Sunday, December 04, 2011

“Hugo” – Movie Review



This weekend in my movie class, we had a bonus screening of the new Martin Scorsese film, “Hugo”, starring Ben Kingsley, Jude Law and Sacha Baron Cohen. 



When an orphaned boy tries to make his way in the world, he discovers a mysterious man who runs a toy shop – but after learning his true identity, will the man reveal a secret about the boy’s late father?



In the Paris of the 1930’s, Hugo Cabret (Asa Butterfield) finds himself alone in the world after his alcoholic uncle takes him in following the death of the boy’s beloved father (Jude Law) in a fire.  Forced to both live and work in a clock tower in the city’s train station, the cruel uncle refuses to allow Hugo to continue going to school.  As a result, Hugo soon finds himself constantly getting into scrapes where he has to escape from the train station’s Inspector (Sacha Baron Cohen).  But in his spare moments, Hugo obsesses over one thing:  restoring an automaton – a metal robot his late father constructed of spare parts from the clocks he used to manufacture.

Constantly on the prowl throughout the train station for parts he can use to make the automaton work, Hugo discovers a toy store run by an old man named Georges Méliès (Ben Kingsley).  When Georges catches Hugo trying to steal from him, Georges threatens to turn in Hugo to the Station Inspector – but instead, he takes from Hugo a notebook filled with mechanical sketches for the automaton and tells Hugo he will burn it out of revenge for the things Hugo has stolen from him in the past.  In the course of trying to recover the notebook from Georges before it can be burned, Hugo meets Georges’ goddaughter Isabelle (Chloë Grace Moretz), who agrees to help. 

Eventually, Isabelle learns that she is on a much bigger adventure with Hugo, whose goal is to make the automaton work.  Along the way, Isabelle and Hugo both learn that Georges has a secret that he’s kept from everyone for many years – a secret about his past that turns out to have a direct impact on Hugo’s quest to revive the automaton.  But when they find Georges is unwilling to provide the necessary information that will be the key to this entire mystery, will Hugo ever manage to get the automaton to function again?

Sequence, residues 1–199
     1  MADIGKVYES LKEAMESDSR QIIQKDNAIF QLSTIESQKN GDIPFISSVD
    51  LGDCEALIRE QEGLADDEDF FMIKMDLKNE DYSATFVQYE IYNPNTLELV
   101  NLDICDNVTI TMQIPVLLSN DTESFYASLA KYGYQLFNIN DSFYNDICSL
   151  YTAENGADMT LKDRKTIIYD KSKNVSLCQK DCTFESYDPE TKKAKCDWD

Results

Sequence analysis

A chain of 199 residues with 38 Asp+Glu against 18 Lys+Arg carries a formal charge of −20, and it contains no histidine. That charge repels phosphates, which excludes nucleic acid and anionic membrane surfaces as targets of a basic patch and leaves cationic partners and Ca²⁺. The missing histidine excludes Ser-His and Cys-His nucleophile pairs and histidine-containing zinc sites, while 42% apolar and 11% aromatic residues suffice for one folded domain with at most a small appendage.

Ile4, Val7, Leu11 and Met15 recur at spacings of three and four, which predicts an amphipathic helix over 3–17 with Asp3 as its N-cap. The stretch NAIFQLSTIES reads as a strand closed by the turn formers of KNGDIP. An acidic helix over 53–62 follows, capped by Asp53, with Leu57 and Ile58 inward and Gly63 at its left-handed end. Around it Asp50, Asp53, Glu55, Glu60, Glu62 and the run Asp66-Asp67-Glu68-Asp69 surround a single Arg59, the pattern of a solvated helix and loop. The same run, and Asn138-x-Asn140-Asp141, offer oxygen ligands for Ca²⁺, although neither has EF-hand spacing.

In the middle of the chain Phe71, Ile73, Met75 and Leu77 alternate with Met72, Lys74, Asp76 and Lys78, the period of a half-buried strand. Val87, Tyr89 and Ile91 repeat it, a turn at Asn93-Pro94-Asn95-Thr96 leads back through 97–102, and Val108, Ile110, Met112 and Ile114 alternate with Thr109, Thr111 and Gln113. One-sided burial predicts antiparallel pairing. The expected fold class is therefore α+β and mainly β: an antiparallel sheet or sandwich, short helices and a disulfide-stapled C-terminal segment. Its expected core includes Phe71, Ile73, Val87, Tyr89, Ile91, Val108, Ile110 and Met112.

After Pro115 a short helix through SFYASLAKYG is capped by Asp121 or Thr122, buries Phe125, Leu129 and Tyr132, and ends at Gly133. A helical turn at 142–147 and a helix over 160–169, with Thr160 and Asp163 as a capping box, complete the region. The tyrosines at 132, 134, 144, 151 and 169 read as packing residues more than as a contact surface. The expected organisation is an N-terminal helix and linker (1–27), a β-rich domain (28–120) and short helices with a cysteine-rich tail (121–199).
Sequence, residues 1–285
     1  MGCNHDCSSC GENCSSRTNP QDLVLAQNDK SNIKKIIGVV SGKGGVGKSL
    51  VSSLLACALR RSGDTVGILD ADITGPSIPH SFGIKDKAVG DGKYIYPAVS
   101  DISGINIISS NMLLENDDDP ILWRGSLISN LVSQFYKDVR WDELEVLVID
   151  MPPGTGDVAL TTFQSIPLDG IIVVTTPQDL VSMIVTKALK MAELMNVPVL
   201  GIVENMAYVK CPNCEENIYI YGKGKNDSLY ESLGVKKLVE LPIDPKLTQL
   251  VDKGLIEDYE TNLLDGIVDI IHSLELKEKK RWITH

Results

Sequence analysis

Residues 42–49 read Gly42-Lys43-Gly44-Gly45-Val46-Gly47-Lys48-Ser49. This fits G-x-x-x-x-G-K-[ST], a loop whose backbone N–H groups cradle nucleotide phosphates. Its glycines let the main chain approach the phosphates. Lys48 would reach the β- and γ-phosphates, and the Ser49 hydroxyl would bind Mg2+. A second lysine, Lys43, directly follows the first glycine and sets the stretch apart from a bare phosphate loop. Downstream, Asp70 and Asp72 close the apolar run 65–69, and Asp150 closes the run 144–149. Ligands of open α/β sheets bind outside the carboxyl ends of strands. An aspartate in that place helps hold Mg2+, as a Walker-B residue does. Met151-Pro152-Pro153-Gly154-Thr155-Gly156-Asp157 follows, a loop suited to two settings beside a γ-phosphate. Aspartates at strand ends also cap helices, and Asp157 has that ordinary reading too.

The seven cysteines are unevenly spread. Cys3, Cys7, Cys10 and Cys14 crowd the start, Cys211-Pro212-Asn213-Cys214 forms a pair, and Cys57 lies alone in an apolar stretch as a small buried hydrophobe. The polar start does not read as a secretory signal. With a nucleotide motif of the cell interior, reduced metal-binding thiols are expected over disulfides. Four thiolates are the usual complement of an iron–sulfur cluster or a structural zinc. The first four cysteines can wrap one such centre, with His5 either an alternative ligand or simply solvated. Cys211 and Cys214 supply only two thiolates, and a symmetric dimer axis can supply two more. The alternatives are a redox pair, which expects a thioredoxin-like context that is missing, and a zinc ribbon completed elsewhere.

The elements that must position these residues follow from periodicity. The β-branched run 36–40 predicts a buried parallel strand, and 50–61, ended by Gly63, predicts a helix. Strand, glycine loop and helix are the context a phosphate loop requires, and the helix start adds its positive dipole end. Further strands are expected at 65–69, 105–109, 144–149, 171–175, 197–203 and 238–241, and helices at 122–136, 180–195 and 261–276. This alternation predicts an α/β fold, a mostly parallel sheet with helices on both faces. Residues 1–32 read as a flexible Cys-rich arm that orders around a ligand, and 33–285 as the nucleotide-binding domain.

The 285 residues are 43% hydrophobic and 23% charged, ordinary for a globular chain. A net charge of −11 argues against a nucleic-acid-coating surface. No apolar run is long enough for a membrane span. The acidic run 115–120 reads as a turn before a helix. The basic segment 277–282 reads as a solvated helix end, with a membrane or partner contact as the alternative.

As a long-time fan of director Martin Scorsese, how do I review one of his films when it has the entire look and feel of a Steven Spielberg movie?  Well, I’m not quite sure, but I’ll go about it nevertheless.  Although there are a few scenes that display the daring camera movement indicative of many of Scorsese’s films, there is precious little about “Hugo” that would make it obvious as one of this great director’s most important films – and yet it is precisely that.  It would be extremely easy to write this off as Scorsese’s attempt to make a “kid flick”, yet it is so much more than that.  In fact, late in his life and career, it is Scorsese’s way of paying homage to the history of filmmaking – a way of saying thank you to both the medium and its predecessors whose innovations inspired him to take movies to the next level. 

“Hugo” is based on a book by Brian Selznick, titled, “The Invention of Hugo Cabret”, which itself has roots in factual historic events in film.  In the dozen years or so that I’ve been taking my movie class, I’ve never heard a more eloquent, thoughtful and informative lecture from our instructor that gave the class the perfect preface to the movie we were to see that day.  During his elaborate discourse, our instructor provided us with a thoroughly detailed history of movies that presented us with an amazing context in which to view “Hugo”.  That said, you are sure to enjoy the movie even without that information because the skill with which Scorsese is able to tell this tale will reveal everything you need to know in order to appreciate the story. 

One last thought:  this movie is in theaters both in standard format and 3D.  Of course, theaters will want you to see “Hugo” in 3D because they are able to charge a premium admission for these screenings.  If you feel that you absolutely must see “Hugo” in 3D, then by all means, please do so.  However, it is incumbent upon me to inform you that while I saw this movie in standard format and not 3D (and as such cannot make a comparison), I really can’t see how 3D would enhance the story very much.  In fact, it may very well be a gimmick that in reality detracts from the story itself.  Should you see the movie in standard format and not 3D, you will probably have a better experience as the 3D may be more of a distraction. 


No comments:

Post a Comment

Speak Your Piece, Beeyotch!